Azerbaijan, Baku, June 7 / Trend, S.Aghayeva /
U.S. Secretary of State's second visit to Azerbaijan in the last two years is an indicator of important and close cooperation, as well as partnership between the two countries, Head of the Foreign Relations Department of the Azerbaijani Presidential Administration Novruz Mammadov told Trend on Thursday. He was commenting on an outcome of U.S. Secretary of State Hillary Clinton's visit to Azerbaijan.
"Although Clinton's visit was of a regional character, it confirmed that the U.S. attaches special importance to cooperation with Azerbaijan, these relations are of strategic character and that the U.S. is satisfied with efficient cooperation with Azerbaijan," Mammadov said.
He underscored that negotiations between Azerbaijani President and the U.S. Secretary of State took longer than scheduled. Official part of negotiations, as well as talks held during the lunch, lasted over two hours.
"During these negotiations, wide exchange of views was carried out on the current state of cooperation, its important aspects and future potential. Clinton said the U.S. attaches great importance to cooperation with Azerbaijan," Mammadov said.
With regard to relations between Azerbaijan and the United States, Mammadov said that a number of meetings and negotiations of specific importance have been held since early year between the two countries. Azerbaijani President has taken an active part in each of the summits held under the leadership of the President of the United States - summit on nuclear security in Seoul and NATO summit in Chicago.
At the same time general activity of the country as a member and chairman of the UN Security Council in New York in May demonstrated the presence of great authority not only in the region, but in the world, although Azerbaijan is a very small state.
"In addition, letters which during this period President Aliyev received from U.S. President Obama, Secretary of State Hillary Clinton and other U.S. officials, which indicated presence of close and lasting partnership, and Clinton's visit to Azerbaijan can be regarded as a logical continuation," Mammadov said.
He underscored that since Azerbaijan is situated in a very important region, the United States will significantly benefit from this cooperation, and when making important decisions Washington considers Azerbaijan's participation logical.
"I really appreciate these negotiations and believe that our relations with the U.S. will continue. This visit will contribute to this process," Mammadov underlined.
He said of course, the main important issue discussed during the negotiations was the Armenian-Azerbaijani Nagorno-Karabakh conflict.
"Each of the two sides voiced their position on this problem. President Aliyev said he attaches great importance to cooperation with the United States and appreciates the development of these relations in all directions. In addition, Azerbaijan expects the U.S. to play an important role in resolution of the Nagorno-Karabakh conflict within fair and international legal norms. Of course, Azerbaijani President noted with regret that although Baku's steps within negotiation process ongoing over these years have always been aimed at resolving the conflict peacefully and through negotiations, every time the Armenian side is busy with delaying the negotiation process by making cunning plans, and taking insidious steps," Mammadov said.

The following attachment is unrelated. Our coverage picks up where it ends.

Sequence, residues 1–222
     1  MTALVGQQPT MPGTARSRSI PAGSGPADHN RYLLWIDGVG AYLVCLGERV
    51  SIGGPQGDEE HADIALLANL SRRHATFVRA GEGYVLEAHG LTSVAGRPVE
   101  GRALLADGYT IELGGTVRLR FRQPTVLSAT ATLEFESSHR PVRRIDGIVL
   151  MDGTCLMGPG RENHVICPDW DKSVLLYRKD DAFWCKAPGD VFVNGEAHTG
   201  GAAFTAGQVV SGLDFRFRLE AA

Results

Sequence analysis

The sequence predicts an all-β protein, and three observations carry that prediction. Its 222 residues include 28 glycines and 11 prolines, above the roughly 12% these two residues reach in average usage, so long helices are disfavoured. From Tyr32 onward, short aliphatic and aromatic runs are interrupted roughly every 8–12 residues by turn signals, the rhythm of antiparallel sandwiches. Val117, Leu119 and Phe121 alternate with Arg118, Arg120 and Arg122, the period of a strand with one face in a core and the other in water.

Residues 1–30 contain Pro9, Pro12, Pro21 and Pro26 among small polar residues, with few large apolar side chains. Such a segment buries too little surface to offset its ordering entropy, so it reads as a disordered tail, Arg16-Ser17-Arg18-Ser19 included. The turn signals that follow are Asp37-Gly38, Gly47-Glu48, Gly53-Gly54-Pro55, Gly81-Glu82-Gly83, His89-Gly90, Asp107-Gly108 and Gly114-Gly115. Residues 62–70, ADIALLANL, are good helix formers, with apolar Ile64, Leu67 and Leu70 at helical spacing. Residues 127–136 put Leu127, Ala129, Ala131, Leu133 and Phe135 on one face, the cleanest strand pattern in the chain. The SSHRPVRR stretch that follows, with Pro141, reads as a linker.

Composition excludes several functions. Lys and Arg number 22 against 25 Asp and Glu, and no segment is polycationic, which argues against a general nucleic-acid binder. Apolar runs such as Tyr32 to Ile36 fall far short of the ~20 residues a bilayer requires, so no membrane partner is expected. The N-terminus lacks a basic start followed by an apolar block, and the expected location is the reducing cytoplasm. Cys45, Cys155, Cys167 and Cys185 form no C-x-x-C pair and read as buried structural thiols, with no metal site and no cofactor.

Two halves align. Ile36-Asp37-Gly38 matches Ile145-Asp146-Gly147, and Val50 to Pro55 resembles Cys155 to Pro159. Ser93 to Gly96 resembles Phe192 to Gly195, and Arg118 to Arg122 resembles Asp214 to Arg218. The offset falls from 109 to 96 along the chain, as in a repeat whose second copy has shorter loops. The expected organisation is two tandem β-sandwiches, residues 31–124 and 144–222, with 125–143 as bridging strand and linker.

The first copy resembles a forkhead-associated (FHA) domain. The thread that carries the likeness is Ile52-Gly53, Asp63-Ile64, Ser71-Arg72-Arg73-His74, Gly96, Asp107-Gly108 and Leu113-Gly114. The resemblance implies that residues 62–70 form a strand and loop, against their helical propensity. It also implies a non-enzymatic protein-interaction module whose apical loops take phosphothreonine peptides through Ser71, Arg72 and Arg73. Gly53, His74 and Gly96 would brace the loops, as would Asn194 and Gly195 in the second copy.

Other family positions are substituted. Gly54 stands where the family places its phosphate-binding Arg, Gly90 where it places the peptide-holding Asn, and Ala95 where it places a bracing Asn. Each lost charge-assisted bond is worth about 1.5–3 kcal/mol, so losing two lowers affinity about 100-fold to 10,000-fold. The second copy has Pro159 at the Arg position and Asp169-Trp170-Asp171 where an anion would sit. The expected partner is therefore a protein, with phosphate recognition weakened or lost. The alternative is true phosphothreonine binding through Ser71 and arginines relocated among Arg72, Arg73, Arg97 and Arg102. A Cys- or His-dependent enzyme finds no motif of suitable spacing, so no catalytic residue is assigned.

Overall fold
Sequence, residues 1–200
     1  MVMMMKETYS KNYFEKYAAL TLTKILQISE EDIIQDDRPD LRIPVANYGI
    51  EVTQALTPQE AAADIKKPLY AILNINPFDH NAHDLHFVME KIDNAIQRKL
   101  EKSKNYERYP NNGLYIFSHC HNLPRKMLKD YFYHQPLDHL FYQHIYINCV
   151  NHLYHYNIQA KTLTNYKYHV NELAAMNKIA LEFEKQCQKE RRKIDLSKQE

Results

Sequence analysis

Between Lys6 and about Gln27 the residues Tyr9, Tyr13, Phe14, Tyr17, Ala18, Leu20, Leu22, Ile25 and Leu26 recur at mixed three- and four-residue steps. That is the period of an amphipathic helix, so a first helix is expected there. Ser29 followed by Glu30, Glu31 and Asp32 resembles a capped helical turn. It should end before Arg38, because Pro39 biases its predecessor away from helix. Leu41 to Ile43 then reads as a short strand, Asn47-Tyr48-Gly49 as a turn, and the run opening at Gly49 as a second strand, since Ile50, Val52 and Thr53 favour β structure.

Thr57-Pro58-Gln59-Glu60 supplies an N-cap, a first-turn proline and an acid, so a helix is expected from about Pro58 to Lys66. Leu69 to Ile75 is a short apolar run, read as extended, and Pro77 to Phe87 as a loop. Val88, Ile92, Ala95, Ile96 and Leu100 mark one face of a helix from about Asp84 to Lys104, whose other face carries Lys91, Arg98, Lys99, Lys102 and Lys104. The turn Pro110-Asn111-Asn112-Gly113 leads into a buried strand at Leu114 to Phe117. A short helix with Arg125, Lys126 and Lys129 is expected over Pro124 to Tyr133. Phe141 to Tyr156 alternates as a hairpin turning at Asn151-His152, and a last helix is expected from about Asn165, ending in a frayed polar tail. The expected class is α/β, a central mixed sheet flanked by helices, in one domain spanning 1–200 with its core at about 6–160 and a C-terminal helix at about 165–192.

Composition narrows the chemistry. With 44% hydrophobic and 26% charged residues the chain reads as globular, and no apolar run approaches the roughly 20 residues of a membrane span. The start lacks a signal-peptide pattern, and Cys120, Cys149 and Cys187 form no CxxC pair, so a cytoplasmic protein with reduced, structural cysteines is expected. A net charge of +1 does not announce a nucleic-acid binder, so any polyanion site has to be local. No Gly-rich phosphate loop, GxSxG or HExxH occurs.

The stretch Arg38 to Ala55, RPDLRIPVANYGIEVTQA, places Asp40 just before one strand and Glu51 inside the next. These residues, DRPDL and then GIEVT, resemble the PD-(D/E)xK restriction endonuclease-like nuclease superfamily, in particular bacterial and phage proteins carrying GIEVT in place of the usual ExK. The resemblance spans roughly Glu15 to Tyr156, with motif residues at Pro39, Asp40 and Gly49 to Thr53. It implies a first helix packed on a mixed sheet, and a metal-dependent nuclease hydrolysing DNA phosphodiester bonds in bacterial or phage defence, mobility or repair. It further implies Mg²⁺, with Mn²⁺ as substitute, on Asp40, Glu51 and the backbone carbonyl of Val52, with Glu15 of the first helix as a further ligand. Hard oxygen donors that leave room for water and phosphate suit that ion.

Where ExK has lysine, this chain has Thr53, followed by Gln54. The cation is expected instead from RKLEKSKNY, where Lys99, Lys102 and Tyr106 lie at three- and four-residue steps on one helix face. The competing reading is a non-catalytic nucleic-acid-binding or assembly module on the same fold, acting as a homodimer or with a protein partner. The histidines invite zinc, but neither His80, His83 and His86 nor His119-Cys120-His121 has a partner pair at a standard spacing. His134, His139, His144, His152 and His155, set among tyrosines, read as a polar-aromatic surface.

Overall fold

The U.S. President, as well as other heads of states of the OSCE Minsk Group co-chairs [Russian and France], made statements based on these negotiations, took an important decision in L'Aquila, and one of the main provisions of their decision confirms the preservation of the current status quo is unacceptable, Mammadov said.
"However, these statements are still ineffective and Azerbaijani President stated his regret over it. Clinton held negotiations on this matter when she was in Armenia. Following the negotiations in Baku she will hold talks on this matter in Turkey as well. I came to the conclusion that the U.S. wants to be more actively involved in this process. For this reason, carefully listening to Azerbaijani President's position, she [Clinton] stated the need to seek new approaches to resolve the conflict. It is difficult to say what these approaches will be, but if steps taken so far have not yielded any result, it means that there should be new demands and approaches," Mammadov said.
He underscored that this approach is that the highest status can be given to Nagorno-Karabakh within the territorial integrity of Azerbaijan, but the current status quo must be changed.
"The co-chair of the United States in the OSCE Minsk Group Robert Bradtke also attended the meetings. I think that the Secretary of State discussed this position with him as well, and, probably, he will make a statement about what the new approaches will be," Mammadov.
The conflict between the two South Caucasus countries began in 1988 when Armenia made territorial claims against Azerbaijan. Armenian armed forces have occupied 20 per cent of Azerbaijan since 1992, including the Nagorno-Karabakh region and seven surrounding districts. Azerbaijan and Armenia signed a ceasefire agreement in 1994.
The co-chairs of the OSCE Minsk Group - Russia, France and the US - are currently holding peace negotiations.
Armenia has not yet implemented the U.N. Security Council's four resolutions on the liberation of the Nagorno-Karabakh and the surrounding regions.
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